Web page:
94306 USA (e-mail: additional operating reserves. Given the existing uncertainties
Digital Object Identifier 10.1109/TPWRS.2007.901598 in load forecasts, these referenced studies indicate that the

0885-8950/$25.00 © 2007 IEEE


requirement for additional reserves will likely be modest for the system, no problems were observed, but when a more ca­
broadly distributed wind plants. The actual impact of adding pable machine was proposed for a weak point in the system, the
wind generation in different balancing areas can vary depending simplified models failed to show the additional benefits of the
on local factors. For instance, dealing with large wind-output new technology.
variations and steep ramps over a short period of time could Concurrently, similar trends were occurring in Europe, which
be challenging for smaller balancing areas, depending on the led to the development and adoption of early grid codes for the
specific situation. interconnection of wind plants to the utility system. The first
There is a significant body of analysis that has emerged on grid codes were focused on the distribution level, as that was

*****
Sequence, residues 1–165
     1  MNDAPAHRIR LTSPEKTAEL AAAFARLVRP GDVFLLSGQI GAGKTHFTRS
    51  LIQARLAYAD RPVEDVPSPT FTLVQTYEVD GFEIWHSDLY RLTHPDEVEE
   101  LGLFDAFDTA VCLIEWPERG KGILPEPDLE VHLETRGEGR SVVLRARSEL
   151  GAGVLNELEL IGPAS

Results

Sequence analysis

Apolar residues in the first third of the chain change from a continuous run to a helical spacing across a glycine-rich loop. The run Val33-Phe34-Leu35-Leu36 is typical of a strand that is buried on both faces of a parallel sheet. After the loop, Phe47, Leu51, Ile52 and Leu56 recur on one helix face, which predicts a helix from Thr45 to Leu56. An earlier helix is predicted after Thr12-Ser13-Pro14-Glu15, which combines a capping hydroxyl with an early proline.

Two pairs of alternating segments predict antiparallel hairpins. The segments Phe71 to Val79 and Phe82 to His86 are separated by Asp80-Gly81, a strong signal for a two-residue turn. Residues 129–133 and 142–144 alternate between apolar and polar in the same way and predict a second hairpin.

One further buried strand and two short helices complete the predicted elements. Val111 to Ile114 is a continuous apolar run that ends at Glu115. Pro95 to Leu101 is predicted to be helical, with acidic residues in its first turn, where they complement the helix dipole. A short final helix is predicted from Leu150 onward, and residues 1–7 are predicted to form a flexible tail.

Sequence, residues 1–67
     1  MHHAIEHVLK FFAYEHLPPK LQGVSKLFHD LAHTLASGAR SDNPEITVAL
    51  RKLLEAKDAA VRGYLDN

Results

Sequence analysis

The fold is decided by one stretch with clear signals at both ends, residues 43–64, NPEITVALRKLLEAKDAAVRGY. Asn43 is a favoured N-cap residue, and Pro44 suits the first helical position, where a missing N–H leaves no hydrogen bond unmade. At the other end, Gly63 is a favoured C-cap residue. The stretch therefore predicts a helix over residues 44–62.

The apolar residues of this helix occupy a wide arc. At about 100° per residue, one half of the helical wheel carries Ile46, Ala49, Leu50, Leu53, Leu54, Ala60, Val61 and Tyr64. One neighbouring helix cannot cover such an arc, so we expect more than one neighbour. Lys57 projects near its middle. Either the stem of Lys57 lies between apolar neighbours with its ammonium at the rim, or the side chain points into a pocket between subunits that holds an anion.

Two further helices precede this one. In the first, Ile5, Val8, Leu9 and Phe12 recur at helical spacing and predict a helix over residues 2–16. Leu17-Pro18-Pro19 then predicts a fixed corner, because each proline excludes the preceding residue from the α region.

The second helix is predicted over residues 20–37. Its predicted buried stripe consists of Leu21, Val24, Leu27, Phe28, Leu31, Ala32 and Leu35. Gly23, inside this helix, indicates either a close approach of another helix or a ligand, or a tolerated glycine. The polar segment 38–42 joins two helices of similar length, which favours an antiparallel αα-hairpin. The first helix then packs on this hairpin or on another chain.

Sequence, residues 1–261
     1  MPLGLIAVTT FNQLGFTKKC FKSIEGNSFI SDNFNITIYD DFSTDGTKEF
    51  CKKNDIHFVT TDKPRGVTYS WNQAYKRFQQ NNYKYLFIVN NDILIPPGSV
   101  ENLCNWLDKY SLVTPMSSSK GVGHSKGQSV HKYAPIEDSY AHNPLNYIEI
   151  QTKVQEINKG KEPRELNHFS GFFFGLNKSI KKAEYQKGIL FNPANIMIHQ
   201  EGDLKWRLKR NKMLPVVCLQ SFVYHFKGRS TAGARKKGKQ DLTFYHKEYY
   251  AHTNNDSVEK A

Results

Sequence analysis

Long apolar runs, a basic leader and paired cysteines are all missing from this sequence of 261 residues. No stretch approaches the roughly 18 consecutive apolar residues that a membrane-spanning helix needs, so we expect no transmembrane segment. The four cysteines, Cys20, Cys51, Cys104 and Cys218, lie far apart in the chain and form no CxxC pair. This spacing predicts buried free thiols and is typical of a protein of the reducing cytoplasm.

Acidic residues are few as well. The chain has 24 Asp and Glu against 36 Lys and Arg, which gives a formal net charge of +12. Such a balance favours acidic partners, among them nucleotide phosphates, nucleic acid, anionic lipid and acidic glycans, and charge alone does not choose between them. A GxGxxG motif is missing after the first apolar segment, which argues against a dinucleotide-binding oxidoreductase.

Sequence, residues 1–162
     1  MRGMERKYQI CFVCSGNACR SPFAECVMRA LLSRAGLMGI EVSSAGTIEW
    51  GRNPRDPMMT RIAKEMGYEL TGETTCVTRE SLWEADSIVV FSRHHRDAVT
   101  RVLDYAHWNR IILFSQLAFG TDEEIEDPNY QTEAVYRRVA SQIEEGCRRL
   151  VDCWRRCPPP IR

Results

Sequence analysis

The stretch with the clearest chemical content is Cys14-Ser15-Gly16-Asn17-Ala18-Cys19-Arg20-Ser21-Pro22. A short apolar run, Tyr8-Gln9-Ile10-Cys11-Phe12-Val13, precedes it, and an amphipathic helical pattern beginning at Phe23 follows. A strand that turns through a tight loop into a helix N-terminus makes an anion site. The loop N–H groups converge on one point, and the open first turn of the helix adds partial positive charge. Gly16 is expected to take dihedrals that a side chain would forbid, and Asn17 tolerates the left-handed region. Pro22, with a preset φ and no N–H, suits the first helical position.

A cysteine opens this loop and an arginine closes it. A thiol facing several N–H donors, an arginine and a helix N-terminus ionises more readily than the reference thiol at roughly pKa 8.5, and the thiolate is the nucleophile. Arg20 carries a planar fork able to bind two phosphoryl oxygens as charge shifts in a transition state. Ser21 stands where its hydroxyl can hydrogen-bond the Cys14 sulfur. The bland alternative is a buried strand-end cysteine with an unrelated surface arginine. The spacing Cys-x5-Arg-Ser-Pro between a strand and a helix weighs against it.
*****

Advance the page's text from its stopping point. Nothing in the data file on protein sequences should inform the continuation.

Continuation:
wind interconnection and wind integration impacts in the United where the bulk of the wind turbines were connected. After the
States and in Europe over the past few years. Although this paper blackout in the United States in August 2003, the United States
focuses on the United States, many of the European reports are wind industry took a proactive stance in developing its own
summarized in Holttinen et al. [4] and Gross et al. [5]. Although grid code in recognition of the perceived shortcomings in the
review of these studies is beyond the scope of this paper, the Eu­ power-plant interconnection order of FERC, Order 2003, issued
ropean results and insights are consistent with the U.S. studies in July 2003, and the fact that wind plants had to do their part in
examined here. contributing to stable grid operation.